Six months since the start of the Russian invasion, some Ukrainians who have found refuge in the UK said they now feel like they have their “future in front of (them)” as they embark on dream courses.
August 24 marks Ukraine Independence Day, but also six months since Russia invaded the country with no respite to the heavy fighting.
Kateryna Chebizhak, 33, came to the UK in April after fleeing Kyiv with her seven-year old son Kolya, following short stays in Poland and Germany.
“I was staying in Ukraine for a while, but it was very, very frightening,” she told the PA news agency.
“We didn’t feel safe in the Kyiv region. The noise and information I was hearing were awful.
“One day, there was a big explosion not far from our house and the house was shaking. We could see the light from the explosion. I didn’t know if our town would be occupied in a day or two, so we decided to leave.”
Ms Chebizhak was an English teacher in Ukraine, but hoped to pivot to becoming a translator and that dream is set to become a reality because of social enterprise Beam, which raises funds for people looking for work or a home and supplies a case worker. She was referred to Beam by Enfield council.
Beam has helped to fundraise for her to take part in an interpreting course, as well as finding her a full-time job working in administration for a medical centre in central London to help her earn money as she learns.
“I’m in the office every day and I’m doing training for the next six weeks. It’s really interesting and I’m working with a nice team,” she said.
“I’m excited to undergo the interpreting course because I planned to undergo a similar course in Ukraine over the summer.”
“I like to live a very independent life, but I was still very touched and impressed with people who assisted me.”
Some £1,683 was raised in 52 days by more than 60 members of the public and was used to pay for Ms Chebizhak’s Level 7 Diploma in Translation Exam plus Preparation Course with a language tutor, as well as travel costs for the first couple of months in work and work clothes.
Ms Chebizhak now resides in Enfield, London, with her host family and son, who she said has found the UK “impressive”, despite not wanting to have to flee his home.
She said: “He likes the kids as they are very friendly here… he is very successful at school. He likes to learn.”
She added that he is looking forward to participating in his school’s football club.
“This club organised a camp, so he went to the camp and he said he loved it because he played football all day,” said Ms Chebizhak.
She added that despite settling into her new life and her plan to become an interpreter coming true, it was “not the way I wanted” and her parents still being in Ukraine serves as a reminder of the things she had to leave behind because of the invasion.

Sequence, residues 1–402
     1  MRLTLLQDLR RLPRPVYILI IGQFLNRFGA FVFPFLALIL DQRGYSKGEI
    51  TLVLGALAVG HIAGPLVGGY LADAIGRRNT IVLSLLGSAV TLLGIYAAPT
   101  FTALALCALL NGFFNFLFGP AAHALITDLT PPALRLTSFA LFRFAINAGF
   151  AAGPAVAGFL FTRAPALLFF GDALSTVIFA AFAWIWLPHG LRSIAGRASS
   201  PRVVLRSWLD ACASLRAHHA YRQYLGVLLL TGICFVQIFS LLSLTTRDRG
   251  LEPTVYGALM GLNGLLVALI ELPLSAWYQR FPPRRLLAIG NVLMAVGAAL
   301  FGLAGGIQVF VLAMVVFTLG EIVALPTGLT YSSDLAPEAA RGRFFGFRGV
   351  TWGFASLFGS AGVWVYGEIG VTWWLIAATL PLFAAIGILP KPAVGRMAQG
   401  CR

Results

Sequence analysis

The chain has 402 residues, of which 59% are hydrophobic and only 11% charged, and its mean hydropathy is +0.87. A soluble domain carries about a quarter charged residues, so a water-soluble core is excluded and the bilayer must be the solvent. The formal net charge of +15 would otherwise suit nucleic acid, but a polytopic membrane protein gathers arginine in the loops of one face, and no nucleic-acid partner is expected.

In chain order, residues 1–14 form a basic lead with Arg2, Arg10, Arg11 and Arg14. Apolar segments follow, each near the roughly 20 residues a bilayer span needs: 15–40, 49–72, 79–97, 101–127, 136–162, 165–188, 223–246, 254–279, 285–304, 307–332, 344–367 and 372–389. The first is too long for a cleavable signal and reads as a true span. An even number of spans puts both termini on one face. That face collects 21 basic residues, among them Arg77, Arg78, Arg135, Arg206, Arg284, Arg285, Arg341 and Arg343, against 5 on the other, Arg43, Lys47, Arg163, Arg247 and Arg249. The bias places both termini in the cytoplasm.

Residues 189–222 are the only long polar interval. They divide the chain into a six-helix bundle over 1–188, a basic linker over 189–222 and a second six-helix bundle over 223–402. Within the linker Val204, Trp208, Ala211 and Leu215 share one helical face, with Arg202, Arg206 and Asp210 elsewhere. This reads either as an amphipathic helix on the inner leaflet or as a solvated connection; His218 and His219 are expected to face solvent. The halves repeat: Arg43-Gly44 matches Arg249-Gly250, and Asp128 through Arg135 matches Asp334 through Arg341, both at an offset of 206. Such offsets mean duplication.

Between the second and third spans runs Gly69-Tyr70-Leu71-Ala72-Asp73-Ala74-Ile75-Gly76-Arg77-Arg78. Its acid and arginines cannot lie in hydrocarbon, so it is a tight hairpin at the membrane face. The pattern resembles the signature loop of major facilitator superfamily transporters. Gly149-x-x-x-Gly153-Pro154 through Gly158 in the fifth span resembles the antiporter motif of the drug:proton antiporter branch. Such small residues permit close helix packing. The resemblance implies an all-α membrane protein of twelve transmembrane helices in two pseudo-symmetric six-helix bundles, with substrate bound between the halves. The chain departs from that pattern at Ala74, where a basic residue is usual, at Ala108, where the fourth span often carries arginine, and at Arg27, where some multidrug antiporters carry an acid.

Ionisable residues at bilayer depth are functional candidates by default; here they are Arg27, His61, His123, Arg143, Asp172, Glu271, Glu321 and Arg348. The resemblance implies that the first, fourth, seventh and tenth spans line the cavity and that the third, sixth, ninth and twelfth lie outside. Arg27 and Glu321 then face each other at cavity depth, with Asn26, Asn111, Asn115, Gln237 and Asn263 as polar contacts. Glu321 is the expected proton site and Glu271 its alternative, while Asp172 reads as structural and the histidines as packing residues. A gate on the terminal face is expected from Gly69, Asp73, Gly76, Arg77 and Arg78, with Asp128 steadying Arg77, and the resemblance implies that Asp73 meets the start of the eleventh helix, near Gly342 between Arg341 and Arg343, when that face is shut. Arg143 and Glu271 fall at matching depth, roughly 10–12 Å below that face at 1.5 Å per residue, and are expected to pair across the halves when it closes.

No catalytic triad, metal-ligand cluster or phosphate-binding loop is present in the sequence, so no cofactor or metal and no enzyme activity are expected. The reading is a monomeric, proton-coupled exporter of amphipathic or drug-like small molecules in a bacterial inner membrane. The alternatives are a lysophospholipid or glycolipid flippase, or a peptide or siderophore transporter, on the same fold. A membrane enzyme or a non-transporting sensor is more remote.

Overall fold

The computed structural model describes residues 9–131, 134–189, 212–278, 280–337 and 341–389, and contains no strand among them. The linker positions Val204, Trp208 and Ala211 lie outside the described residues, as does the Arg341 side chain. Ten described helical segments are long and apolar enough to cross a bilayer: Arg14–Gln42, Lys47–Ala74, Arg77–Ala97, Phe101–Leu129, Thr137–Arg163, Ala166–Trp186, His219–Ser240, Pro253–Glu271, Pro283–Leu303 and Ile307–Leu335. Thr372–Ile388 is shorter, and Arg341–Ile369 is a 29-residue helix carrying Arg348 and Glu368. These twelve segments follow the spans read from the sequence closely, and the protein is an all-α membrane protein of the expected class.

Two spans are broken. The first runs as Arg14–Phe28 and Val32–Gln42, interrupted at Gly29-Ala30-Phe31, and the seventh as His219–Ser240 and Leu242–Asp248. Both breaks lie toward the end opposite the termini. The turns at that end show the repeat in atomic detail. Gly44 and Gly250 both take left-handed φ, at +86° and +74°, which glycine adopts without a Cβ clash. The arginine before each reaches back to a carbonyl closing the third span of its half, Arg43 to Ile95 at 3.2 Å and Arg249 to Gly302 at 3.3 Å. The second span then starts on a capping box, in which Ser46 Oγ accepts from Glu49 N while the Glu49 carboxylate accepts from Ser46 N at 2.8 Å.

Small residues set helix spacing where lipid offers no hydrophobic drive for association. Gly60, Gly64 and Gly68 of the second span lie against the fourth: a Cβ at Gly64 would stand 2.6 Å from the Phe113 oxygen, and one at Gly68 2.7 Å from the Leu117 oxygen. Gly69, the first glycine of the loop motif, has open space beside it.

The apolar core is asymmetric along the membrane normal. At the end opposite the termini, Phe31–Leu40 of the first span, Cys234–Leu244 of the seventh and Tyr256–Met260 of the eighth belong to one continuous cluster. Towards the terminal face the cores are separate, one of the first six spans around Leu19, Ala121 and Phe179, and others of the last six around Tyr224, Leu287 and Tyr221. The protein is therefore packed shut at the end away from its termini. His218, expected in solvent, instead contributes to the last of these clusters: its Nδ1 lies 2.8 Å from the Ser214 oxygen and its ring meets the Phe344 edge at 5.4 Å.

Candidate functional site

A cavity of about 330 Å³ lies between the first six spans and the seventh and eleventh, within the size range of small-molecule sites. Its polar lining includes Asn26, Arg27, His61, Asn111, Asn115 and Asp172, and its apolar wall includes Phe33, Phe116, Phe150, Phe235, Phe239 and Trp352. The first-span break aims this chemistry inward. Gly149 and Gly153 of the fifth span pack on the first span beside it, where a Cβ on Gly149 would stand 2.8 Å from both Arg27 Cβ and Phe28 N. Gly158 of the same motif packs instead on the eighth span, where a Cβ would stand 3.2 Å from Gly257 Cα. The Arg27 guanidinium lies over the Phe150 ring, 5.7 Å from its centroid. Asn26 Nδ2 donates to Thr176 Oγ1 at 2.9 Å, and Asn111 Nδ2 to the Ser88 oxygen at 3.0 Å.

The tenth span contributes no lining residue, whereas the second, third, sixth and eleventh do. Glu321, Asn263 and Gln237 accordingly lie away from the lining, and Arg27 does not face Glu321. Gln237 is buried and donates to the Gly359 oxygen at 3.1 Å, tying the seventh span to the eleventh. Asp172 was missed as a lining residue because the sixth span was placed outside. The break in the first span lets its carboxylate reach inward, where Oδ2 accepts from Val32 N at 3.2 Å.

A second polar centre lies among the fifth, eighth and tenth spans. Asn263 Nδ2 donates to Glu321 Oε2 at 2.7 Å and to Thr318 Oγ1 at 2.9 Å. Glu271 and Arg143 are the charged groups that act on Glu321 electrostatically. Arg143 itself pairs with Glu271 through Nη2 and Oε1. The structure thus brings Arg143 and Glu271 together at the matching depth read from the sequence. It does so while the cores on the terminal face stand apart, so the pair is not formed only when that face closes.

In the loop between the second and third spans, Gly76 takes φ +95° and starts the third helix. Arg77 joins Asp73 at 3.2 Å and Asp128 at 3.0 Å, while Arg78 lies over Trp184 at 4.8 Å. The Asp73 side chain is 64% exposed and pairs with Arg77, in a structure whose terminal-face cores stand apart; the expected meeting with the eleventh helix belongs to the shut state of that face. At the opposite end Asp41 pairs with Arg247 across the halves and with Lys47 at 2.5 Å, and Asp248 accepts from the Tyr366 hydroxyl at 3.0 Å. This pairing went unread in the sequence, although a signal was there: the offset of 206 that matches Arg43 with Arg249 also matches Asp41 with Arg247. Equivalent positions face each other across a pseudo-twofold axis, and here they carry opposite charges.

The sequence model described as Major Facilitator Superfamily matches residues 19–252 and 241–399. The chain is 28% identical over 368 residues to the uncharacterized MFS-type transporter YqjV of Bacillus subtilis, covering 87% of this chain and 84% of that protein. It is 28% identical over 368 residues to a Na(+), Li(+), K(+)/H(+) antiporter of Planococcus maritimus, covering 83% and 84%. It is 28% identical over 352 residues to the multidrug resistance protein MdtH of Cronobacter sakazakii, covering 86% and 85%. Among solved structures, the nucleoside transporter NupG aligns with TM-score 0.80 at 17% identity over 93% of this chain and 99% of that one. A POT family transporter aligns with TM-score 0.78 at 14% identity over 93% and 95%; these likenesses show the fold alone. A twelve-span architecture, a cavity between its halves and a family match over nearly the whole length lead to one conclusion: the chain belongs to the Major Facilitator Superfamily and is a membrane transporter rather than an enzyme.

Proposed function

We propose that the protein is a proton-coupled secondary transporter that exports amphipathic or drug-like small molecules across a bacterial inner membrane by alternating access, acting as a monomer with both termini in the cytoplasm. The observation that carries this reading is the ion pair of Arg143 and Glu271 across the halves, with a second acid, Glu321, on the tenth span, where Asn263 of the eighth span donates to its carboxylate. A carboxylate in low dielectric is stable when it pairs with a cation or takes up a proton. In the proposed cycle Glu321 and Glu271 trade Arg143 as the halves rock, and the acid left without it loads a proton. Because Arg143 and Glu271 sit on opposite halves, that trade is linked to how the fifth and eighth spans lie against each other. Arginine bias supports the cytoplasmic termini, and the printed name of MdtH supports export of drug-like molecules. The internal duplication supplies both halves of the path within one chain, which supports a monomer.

She said she regularly stays in contact with her parents, who she said “did not want to leave”.
“They have jobs there, they have a house there, they have lots of cats and they do not want to leave their house. It is difficult for people who are in their 50s and 60s,” she said.
Diana Severyn, 19, who now lives in Wanstead in east London, also had to flee her home in Poltava, western Ukraine, and travelled to Poland alone in March of this year, which she described as a “difficult” time because of repeated bombings.
“I actually feel really nervous about the situation in Ukraine, especially after the middle of March when some cities were under attack already and people and children were getting hurt. It was awful,” she told PA.
“I just try not to think too deeply about it or I get too emotional.”
She eventually came to the UK on April 7 and came across Beam after being referred to them by Haringey council, and the social enterprise has set up a crowdfunder for her to become an admin assistant and pursue a digital marketing course.
“I have previous experience in social media management. I really liked it and wanted to develop my skills further in digital marketing and strategy,” she said.
Her crowdfunder was set up on August 1 and her £2,200 total has been reached through the help of 68 people.
She said: “I’ve already received a laptop and Oyster card from Beam. I’m really happy and I didn’t expect that it would happen so fast.
“Before this, I didn’t know what to do. I now have a straight path to my future thanks to Beam and I feel really motivated.
“I feel like every road is opening for me and I am guaranteed a good future.
“When I came here, I felt a bit scared, but now I feel like I have my future in front of me.”
Seb Barker, co-founder and chief operating officer of Beam, said: “Beam is supporting refugees like Kateryna and Diana to resettle in the UK, by giving them an online support network and all the tools they need to accelerate their journey into stable work and housing. If you work in local government and are worried about the refugee crisis, please get in touch.”
More information about Ms Chebizhak’s crowdfunder can be found here: https://beam.org/campaigns/kateryna-admin-assistant-training
More information about Ms Severyn’s crowdfunder can be found here: https://beam.org/campaigns/Diana